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17-year-old Jacksonville Car Crash Victim's Organs Donated to Save Six Lives

12:37 PM, Nov 29, 2010   |    comments
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JACKSONVILLE, Fla. -- On Aug. 2, 2007, Jessica Moore lost half of her heart.

"I could feel her hurt. I could feel her happiness. I could feel all of it."

No one had to tell her when her twin sister got in a car accident, or that Haley, who was 17-years and 2-months old, wouldn't wake up from the coma. She knew.

"She had the brightest green eyes. Brighter than anything else. I just looked in her eyes and I knew that light wasn't there."

"She had that red hair. So she had a red hair attitude," said Moore's father, Lee.

Three years later, that fire for life, is what her family misses most.

"She could be a friend to anybody," Moore's mother, Vicki Moore said.

"A wonderful personality. You know, a big heart. She would come to the aide of her friends in a very fast moment," said Moore's dad.

Lee and Vicki Moore remember how Haley's generosity also tested them. Before Haley got her driver's license, she'd told them she wanted to be an organ donor, but never officially registered.

Much too soon, her parent had to decide. "It was so hard. It was so hard," Vicki Moore remembered, "because I didn't want to let go."

As a mother, if she couldn't have her daughter, Vicki didn't want anyone to have her. But the Moores knew it was the last chance to see a wish of Haley's fulfilled.

"I knew she wanted this," Lee Moore explained.

They told the doctors on one condition.

"I said, find six people on a table right now that won't live unless they have my baby's organs, and I'll do it," Vicki Moore said.

Jessica lost half her heart on Aug. 2, and three days later, Haley gave it to someone else.

The list reaches every corner of America. Right now, more than 100,000 people are sick enough to be on the organ transplant list; most never make it off that list.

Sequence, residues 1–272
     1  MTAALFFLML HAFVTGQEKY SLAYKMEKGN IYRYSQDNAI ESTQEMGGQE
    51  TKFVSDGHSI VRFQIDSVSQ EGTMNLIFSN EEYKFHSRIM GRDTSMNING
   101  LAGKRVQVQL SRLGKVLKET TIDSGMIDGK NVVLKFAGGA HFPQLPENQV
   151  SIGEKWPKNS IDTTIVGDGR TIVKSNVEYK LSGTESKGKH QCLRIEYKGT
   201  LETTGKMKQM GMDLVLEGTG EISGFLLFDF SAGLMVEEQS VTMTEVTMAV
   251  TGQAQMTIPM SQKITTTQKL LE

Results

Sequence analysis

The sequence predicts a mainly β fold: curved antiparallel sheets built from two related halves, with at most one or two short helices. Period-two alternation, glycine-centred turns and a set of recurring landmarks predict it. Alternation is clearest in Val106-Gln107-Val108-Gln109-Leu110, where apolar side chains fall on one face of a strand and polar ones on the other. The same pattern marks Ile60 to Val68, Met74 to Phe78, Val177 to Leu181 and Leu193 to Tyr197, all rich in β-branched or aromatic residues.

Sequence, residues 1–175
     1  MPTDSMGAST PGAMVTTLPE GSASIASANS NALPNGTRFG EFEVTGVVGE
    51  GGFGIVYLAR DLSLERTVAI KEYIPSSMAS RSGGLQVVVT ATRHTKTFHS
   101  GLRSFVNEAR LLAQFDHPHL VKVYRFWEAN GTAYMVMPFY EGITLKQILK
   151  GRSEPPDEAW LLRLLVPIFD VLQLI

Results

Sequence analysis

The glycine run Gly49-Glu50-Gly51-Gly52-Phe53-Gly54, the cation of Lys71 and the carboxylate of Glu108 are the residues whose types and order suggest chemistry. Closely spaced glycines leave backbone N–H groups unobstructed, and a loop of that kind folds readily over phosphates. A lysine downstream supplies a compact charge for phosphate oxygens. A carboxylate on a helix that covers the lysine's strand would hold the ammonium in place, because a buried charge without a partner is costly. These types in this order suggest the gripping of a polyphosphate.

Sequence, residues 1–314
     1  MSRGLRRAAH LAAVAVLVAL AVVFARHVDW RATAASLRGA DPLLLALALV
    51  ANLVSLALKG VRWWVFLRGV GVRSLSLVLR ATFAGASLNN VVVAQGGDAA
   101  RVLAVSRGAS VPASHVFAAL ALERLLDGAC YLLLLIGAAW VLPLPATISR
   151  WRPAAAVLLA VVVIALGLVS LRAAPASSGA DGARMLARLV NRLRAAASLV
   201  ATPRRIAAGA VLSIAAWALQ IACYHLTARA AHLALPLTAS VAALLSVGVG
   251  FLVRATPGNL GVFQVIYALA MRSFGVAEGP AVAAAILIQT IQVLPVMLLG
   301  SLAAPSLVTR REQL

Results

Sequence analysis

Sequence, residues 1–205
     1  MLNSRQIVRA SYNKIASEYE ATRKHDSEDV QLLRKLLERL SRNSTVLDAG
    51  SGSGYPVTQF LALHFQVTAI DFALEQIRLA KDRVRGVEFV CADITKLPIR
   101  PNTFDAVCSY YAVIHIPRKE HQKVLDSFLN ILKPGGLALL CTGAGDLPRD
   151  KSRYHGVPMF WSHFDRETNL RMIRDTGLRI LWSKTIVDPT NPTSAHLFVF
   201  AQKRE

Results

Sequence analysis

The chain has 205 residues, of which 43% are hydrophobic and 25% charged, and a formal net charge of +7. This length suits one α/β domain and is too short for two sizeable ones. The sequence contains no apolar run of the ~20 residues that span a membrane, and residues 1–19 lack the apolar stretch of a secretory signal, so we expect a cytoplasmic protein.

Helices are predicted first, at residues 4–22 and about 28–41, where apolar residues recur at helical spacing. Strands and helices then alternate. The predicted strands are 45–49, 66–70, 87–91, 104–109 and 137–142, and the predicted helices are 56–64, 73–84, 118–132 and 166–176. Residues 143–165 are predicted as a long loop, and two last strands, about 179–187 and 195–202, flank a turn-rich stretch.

Haley's vital organs were perfect. LifeQuest organ recovery services matched her with six people across the East Coast.
Her lungs went to North Carolina. Her heart went to Virginia.  Her pancreas to New Jersey, and her liver to South Florida. One kidney went to Mississippi and the other went to Georgia.

Haley's family only knows a little about the people who received her organs.  They hope to know more.


"You were a little peanut when you were born. 4 pounds. Now look at ya," Karen Chaffey cooed at her son.

This moment was once just a dream for Chaffey. Since her teens, diabetes and kidney failure made it almost impossible to take care of her own health, let alone a child's.

"The doctor had gotten some test results back and he told me, don't get pregnant. You will die if you get pregnant," Chaffey explained.

She needed a new pancreas, and she was told she'd get one in two months. She ended up waiting two years.

"I knew (the donor) was a 17-year-old that died in a car accident. That's what I was told. All I knew."

With Haley's gift, Karen now has two reasons to live. "I just think about how her life was cut short," said Chaffey, "but she helped me."

"Her family is very close and glad to have her home," Vicki Moore said of Chaffey. 


"I kept thinking, my friend was going to work out and the Mayo (Clinic) was going to work out."

Lisa Cauley has always been a hopeful person, but when doctors told her she'd inherited a disease that left her facing a lifetime of dialysis, hoping wasn't easy.

"I was on the list, but there too, they said it would be a long wait.  Because of the antibodies I had, they said it would be a hard match."

Doctors said it would take an exceptional donor.  They found one. With Haley's kidney, every moment Cauley has is special.

"You look at everything differently. Stuff you took for granted before, you appreciate it more."

Vicki Moore described Cauley as "very grateful for her second chance at life. Free from dialysis machines. Thanks to your generous gift."